This true story is about a Nevada resident who never lived in California and never owned a business or real estate in California. And yet, somehow, California came after them, years after the statute of limitations had supposedly run.
Let’s start at the beginning.
In 2018, this couple received notice of a tax lien from California and an intent to levy their Nevada bank accounts.
They had no idea WHY the State of California would have a tax lien since they’d never lived in California and had no business interest there. (Also, no California rental real estate)
The process for all states and the IRS is that first there is a notice of an audit or a correction to a tax return with deadlines for compliance. If you ignore those notices, eventually the tax authority will assess a tax, interest and penalties. If you haven’t filed a tax return, the tax authority will create one for you. Then you get more notices. You have to pay or contact them by a certain date. They usually tell you that several times and then the last step would be a levy on your bank account (plus liens against your real estate).
So, the fact that they received this notice of levy meant that the process was very far down the line. The issue was related to something dated back in 2009. And now, 8 years later, the taxpayers heard about it for the first time. And not just that, it was down the process. What had happened?
If this happens to you, the first thing is to stop the levy. That could mean contacting your CPA or attorney, taking all your money out of your bank accounts or if you feel really lucky, calling the state yourself and hoping they follow through. (Both California FTB and the IRS are bad at doing what they say they will do on the phone.)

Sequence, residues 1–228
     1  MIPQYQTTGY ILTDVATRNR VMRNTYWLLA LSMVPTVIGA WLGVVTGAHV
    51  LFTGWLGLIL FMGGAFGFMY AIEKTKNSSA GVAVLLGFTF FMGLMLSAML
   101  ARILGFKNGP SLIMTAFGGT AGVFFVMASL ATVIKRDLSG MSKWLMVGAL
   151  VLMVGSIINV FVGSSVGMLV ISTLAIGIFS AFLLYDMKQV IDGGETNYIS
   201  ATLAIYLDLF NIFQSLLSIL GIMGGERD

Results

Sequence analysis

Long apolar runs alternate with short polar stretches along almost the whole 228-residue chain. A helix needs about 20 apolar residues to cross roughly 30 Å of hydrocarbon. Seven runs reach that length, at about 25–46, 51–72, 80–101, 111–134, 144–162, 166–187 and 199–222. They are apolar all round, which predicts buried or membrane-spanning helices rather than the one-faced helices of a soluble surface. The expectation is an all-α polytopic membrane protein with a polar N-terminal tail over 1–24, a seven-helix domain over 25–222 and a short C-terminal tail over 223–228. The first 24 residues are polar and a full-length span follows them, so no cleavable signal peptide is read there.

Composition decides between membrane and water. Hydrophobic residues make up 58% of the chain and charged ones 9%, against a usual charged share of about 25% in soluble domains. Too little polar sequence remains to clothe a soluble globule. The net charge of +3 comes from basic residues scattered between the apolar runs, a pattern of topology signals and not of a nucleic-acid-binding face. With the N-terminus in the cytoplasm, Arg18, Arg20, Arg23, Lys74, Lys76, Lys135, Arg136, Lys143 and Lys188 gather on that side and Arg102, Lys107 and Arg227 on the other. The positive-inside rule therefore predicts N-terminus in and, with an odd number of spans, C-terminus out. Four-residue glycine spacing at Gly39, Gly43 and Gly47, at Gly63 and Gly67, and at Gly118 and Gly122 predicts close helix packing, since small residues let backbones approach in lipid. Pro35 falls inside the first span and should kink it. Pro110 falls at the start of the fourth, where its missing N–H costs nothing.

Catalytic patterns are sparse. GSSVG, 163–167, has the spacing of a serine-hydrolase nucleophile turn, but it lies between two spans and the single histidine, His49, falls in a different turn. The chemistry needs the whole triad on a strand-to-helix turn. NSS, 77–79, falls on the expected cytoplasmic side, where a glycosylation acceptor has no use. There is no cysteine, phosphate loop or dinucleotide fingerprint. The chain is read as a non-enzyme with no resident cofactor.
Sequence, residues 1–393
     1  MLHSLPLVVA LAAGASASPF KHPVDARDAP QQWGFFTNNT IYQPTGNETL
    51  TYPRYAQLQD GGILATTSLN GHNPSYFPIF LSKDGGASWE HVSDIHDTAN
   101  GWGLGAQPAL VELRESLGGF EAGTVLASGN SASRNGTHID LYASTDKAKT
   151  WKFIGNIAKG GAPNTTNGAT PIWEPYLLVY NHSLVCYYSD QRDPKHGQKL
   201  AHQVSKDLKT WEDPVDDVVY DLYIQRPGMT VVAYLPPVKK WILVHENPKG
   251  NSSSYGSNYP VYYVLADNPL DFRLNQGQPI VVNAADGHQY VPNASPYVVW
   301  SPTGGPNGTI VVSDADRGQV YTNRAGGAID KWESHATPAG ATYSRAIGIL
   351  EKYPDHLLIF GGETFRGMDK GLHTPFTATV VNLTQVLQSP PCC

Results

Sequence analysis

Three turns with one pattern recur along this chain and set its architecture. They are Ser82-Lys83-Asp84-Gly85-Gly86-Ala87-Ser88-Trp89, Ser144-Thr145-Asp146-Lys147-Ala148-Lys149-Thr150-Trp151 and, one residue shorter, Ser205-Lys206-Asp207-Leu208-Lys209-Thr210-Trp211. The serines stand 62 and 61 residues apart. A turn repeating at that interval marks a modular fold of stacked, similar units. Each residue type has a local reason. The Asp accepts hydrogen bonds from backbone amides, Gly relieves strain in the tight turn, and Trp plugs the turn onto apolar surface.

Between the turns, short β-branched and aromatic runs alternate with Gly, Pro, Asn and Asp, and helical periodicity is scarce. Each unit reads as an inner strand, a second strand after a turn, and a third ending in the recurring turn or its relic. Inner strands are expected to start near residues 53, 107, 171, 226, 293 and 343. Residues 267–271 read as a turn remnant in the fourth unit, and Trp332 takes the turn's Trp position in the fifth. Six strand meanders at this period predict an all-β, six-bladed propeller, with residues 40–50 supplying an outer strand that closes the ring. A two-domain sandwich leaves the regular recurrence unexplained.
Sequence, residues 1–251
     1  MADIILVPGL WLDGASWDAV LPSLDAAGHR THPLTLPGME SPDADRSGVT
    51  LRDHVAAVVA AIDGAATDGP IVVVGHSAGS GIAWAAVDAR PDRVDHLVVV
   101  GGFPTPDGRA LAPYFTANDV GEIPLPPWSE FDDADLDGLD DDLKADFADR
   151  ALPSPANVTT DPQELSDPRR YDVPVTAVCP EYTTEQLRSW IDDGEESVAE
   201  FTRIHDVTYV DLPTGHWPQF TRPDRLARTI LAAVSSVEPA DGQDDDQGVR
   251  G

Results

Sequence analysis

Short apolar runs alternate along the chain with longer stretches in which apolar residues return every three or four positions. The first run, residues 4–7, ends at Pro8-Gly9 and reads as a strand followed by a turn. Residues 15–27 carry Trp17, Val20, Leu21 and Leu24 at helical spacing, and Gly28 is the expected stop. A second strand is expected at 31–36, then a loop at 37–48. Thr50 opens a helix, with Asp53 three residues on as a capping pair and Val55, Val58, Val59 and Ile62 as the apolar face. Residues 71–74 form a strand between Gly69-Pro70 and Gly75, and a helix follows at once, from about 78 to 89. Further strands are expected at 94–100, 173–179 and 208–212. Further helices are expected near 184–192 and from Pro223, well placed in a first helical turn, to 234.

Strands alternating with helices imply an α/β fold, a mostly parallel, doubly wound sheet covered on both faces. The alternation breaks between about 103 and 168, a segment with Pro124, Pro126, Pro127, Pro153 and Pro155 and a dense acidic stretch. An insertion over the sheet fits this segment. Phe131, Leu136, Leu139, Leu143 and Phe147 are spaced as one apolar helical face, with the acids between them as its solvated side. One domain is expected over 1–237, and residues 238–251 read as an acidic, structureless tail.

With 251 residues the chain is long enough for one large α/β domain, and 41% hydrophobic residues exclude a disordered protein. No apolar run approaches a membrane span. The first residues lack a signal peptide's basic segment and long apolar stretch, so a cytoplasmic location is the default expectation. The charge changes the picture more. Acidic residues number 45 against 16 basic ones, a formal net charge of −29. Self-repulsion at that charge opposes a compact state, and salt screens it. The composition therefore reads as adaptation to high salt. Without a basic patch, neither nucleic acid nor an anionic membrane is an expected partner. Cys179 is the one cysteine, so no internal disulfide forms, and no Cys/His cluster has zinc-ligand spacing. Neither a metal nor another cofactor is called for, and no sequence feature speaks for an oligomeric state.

The statute of limitations for California is 4 years. This was 9 years later. How was it even possible that California could be chasing these taxpayers? Forget that they didn’t have taxable income in California, how could they do anything anyway?
After the levy was postponed, it was time to dig in to find out what happened.
Somehow California thought the taxpayers had California residency. That can happen if you have a vehicle with California plates, someone checks the wrong box on a 1099 or W-2 or you have a CA address for any reason (including a seasonal rental.) Based on that, California pulled the IRS return and just assumed that all of the income was subject to California income tax. They sent notices to a wrong California address (who knows where that came from), which was ignored or lost by the recipient or postal service.
A CA return was filed in absentia. That was all done within the 4 year statute of limitations for the 2009 income. Then, the clock started ticking on how long CA had to assess the judgement. This time, probably because they were looking for assets, they got an accurate NV address and that’s how the taxpayers happened to get the notice.
Now, 9 years later, the taxpayers had to prove they didn’t have California residency. But the problem is that usually you only need to keep records for 3 years after you file (for federal purposes). Your state may have a different statute of limitation, but since there is no Nevada tax return the only statute of limitations would be the federal one for this taxpayer.
Bottomline, no records.
In the end, it all worked out because they were able to reconstruct enough records to prove California had no right to tax the taxpayers’ income.
It wasn’t easy and it wasn’t fast. But the taxpayers won.
If you get an audit notice or tax assessment, no matter how wrong it is, don’t wait. Act quickly and strategically.
On Wednesday, April 17th at 5 pm Pacific, we’ll have our next coaching session “Surviving an IRS Audit Of Your Business.”
But I’ll talk more about IRS audits. The strategies also include states, which ones to watch, statute of limitations, what to tell them and when… audits can be terrifying experiences or they can be “no big deal.” It all depends on your strategy.
If you’re not yet a member of our coaching program, please join before next Wednesday by going to https://www.ustaxaid.com/coaching-program/.